Leading music streaming service Spotify hit its lowest share price ever when its stock closed on October 29 at $139.11. This meant that for the first time Spotify's valuation was pulled under its market cap of $26bn to $25.1bn.
This latest stock price is -29% lower than what it was just three months ago when Spotify reached its peak performance at $196.28 per share on July 26. This is despite the streaming service reaching 180 million users this year, up 40% year-on-year.
However, despite Spotify generating $1.5bn in revenue in 2Q18, which was in line with a lot of market estimates, it saw a loss in its earnings per share of -$2.29. This loss, along with other macro trends which have been hurting the stock of tech firms worldwide recently, have been attributed as part of the reason for this dip.
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Spotify garners most of its revenue from its premium subscription, which generated $1.34bn this year, up 27% on last year. However, with the rise of competing music streaming services such as the new YouTube music service which launched in June 2018 and Apple Music, Spotify has been sacrificing profits in the hunt for more users. Apple Music in particular has managed to leverage its massive user base and now, despite having half the number of Spotify paid subscribers worldwide (82 million Spotify users to Apple's 40 million users), Apple Music potentially has more US users than Spotify, according to Tech Crunch.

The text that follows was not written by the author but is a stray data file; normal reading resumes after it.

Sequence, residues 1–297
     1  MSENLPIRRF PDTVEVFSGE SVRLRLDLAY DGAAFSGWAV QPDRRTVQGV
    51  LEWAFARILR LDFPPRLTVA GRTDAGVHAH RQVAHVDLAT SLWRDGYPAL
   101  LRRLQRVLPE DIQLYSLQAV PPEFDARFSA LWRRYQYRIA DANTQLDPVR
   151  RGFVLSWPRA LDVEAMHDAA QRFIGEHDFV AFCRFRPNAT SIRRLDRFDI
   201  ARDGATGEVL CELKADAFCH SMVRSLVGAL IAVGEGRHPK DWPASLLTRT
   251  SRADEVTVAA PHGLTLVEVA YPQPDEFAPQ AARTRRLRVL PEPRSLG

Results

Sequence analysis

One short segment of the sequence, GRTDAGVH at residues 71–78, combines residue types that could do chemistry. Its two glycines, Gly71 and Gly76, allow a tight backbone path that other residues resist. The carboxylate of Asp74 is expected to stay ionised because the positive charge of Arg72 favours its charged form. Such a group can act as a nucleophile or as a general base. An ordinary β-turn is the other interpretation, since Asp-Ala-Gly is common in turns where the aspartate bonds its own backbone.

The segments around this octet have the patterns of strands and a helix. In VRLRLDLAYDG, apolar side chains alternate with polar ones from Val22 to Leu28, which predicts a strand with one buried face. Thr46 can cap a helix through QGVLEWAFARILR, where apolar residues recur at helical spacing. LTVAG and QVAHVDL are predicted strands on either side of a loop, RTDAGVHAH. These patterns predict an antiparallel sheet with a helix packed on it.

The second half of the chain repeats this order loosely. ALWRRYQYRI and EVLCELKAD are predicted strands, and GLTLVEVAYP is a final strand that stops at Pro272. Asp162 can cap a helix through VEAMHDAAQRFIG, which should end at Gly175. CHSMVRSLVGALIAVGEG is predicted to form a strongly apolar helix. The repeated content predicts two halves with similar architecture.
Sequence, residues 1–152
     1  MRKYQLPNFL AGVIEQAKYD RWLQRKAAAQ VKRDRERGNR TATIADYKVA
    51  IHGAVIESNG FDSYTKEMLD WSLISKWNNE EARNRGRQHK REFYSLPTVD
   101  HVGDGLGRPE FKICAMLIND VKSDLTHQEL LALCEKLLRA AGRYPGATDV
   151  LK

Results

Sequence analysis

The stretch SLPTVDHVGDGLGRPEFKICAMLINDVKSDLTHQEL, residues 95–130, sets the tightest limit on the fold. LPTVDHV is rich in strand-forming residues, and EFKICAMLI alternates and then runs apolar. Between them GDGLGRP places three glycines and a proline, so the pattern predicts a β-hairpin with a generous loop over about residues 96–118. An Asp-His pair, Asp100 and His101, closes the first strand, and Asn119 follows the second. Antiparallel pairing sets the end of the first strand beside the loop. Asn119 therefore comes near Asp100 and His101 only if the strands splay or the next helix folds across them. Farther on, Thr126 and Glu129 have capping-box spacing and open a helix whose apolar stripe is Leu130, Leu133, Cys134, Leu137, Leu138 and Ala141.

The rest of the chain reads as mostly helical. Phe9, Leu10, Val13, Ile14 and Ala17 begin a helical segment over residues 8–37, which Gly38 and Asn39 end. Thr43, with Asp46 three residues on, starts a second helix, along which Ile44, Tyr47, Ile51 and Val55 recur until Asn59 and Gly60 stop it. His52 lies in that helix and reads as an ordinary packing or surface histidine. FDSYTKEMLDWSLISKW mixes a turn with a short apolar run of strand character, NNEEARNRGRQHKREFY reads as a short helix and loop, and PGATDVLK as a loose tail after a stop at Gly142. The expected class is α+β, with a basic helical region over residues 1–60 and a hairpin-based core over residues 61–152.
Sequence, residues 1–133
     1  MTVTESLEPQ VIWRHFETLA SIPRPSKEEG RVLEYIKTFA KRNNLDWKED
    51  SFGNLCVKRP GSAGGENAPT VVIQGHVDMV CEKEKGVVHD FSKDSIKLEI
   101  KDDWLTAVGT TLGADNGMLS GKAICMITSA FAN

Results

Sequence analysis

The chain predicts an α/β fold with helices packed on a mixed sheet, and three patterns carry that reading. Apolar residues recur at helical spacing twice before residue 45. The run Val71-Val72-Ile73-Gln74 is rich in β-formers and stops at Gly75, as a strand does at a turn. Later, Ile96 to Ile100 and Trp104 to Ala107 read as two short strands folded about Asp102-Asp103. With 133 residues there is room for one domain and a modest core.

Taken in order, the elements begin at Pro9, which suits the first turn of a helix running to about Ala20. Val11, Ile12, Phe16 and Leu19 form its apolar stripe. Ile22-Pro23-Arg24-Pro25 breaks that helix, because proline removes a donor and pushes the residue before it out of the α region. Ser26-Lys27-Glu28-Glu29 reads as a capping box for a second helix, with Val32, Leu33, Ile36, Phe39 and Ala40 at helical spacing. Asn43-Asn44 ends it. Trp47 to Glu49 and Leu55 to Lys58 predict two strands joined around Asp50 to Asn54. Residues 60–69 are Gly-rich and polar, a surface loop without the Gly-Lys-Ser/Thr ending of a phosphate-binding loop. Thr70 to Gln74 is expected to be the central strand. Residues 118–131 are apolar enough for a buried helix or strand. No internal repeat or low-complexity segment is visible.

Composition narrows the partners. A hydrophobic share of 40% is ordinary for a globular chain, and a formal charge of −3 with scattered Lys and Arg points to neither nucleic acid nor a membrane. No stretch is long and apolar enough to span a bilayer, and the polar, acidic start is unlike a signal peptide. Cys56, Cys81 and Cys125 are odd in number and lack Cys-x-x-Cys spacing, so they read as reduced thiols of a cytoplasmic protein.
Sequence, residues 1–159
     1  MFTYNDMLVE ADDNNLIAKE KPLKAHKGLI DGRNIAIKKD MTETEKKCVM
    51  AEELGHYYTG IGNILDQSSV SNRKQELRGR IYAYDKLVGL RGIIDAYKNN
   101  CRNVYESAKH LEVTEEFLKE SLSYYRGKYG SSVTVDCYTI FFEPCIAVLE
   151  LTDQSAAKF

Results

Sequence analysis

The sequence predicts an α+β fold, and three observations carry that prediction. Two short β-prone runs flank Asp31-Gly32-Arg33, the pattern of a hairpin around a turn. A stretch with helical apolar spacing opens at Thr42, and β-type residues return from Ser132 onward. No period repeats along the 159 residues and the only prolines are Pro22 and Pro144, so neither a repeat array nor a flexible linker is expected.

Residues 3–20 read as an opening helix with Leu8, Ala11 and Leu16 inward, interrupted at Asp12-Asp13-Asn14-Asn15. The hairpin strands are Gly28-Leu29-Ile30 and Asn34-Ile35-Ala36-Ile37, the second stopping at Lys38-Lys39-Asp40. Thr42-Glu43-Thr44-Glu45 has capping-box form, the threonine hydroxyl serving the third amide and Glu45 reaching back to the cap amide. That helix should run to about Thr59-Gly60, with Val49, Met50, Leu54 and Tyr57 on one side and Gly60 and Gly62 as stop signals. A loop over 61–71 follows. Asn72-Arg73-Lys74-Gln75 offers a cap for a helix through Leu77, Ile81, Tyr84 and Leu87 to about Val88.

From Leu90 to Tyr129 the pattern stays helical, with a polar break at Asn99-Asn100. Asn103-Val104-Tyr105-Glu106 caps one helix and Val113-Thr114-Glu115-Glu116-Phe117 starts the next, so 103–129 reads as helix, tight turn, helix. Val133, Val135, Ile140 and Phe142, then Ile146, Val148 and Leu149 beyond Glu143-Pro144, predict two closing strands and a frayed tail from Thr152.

Another issue is the increasing amounts of money in royalty costs Spotify has to pay out. Spotify CEO Daniel Ek has had to even deny allegations that the platform intends to start licensing music directly from artists in an effort to save costs as he stated: "We will continue licensing music from whoever owns the rights.
"We have been doing this for years because our goal is to get as much music on to the platform as we possibly can," he added.
However, Spotify's stock has bounced back a little since October 29 and the overall performance of the company does not point to a company in crisis yet. Barry McCarthy, chief financial officer at Spotify has thus chosen to describe this two-week period as no more than a "short-term hiccup".